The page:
The Cassel's XBC Track Experience Invitational held each April by Chantilly high school represents way more than just a regular track meet, it represents a legacy and honors Chantilly alum XC "Boone" Cox, IV.
Boone was a 2005 graduate of Chantilly high school with a 4.0 GPA. Throughout his high school career he was a Varsity member of XC/T&F for the Chargers a total of 12 times and was a member of the all-region 4x8.
In 2005 he continued his academic career at the University of Virginia and it was then when his entire world was turned upside down.
During his first semester at UVA, he was diagnosed with leukemia. He, alongside his family, friends, and teammates, fought this illness for nearly a year before passing in September of 2006.
That April (2006) the Chantilly Coaching Staff decided to honor him by naming their new invitational in his honor, the Cassel's XBC Track Experience. This meet held every April draws some of the best teams from the entire DMV area and is a fun environment to compete and remember Boone.
Each year his parents celebrate his life at this event and honor a current student-athlete with an award/scholarship in his name.
Chantilly also as a team honors him outside of this invitational with their "XBC TC" uniforms and track club name at Foot Locker, NXN, NBNI, and NBNO. They wear these to honor his life and to raise awareness for Leukemia. Here is a great picture of one of those uniforms when in 2016 when the team of McGorty, Jeffries, Loh, and Scopellite set the indoor SMR national record.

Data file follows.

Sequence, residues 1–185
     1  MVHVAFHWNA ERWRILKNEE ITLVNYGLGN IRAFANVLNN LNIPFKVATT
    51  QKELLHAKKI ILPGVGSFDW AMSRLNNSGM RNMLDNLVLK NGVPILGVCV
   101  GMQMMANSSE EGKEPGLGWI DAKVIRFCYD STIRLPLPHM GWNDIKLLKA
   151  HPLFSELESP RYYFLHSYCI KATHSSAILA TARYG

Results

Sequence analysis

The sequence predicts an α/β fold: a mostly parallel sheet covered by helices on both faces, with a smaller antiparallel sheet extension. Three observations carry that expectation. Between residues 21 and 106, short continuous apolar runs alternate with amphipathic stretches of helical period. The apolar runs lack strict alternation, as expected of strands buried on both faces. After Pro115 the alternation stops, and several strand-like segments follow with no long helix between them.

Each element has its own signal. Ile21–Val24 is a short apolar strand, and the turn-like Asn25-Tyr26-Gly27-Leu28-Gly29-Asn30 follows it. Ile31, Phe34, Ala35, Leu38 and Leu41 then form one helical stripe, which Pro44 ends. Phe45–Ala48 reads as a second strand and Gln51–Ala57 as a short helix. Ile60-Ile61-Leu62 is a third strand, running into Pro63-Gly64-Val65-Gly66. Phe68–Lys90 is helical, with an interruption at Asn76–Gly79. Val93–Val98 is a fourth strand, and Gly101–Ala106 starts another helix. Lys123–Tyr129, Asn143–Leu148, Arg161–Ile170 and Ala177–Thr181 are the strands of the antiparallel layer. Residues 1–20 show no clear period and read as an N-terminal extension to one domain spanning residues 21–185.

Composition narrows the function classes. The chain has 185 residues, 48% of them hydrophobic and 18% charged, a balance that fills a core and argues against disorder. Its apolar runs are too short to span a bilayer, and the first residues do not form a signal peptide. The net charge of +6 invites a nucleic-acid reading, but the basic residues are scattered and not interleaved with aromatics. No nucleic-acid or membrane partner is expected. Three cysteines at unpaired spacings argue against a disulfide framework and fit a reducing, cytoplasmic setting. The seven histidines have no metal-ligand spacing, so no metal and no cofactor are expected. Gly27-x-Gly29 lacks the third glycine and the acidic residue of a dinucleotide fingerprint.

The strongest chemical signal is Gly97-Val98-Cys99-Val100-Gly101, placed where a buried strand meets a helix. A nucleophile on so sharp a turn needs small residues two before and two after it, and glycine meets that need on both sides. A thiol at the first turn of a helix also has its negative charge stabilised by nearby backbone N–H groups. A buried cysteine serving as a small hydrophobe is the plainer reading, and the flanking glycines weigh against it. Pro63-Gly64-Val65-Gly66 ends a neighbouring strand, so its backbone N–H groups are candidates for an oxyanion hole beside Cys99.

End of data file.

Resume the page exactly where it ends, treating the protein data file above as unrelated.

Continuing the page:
Boone left us with a great message and each year Chantilly high school and their Cassel's XBC Invitational try their best to fulfill his request. Here is Boone's statement:
My request is simple... please, please find a charity, find an organization, find ANYTHING that supports research into a disease such as leukemia, HIV, breast cancer... ANYTHING... and support it. Give money, volunteer time, do anything you can, no matter how small and insignificant it may seem. You never know when something like this may be thrown into your lap, and you never know who may be affected by a disease like this... you think it can't happen to you (I sure didn't) and hopefully it never will, but so long as you're able to help - why not do it?
This experience has truly changed my life in ways that I never could have imagined. Priorities have been flipped upside down, and things that I wouldn't even have given a second thought to in the past I now look at as beauty in everyday life... I hope that you see the value that can be found in the lives of all of your friends and family, and that you take strides toward protecting their lives (and the lives of thousands of others), by supporting an organization which researches life-threatening diseases."
Boone Cox, March, 2006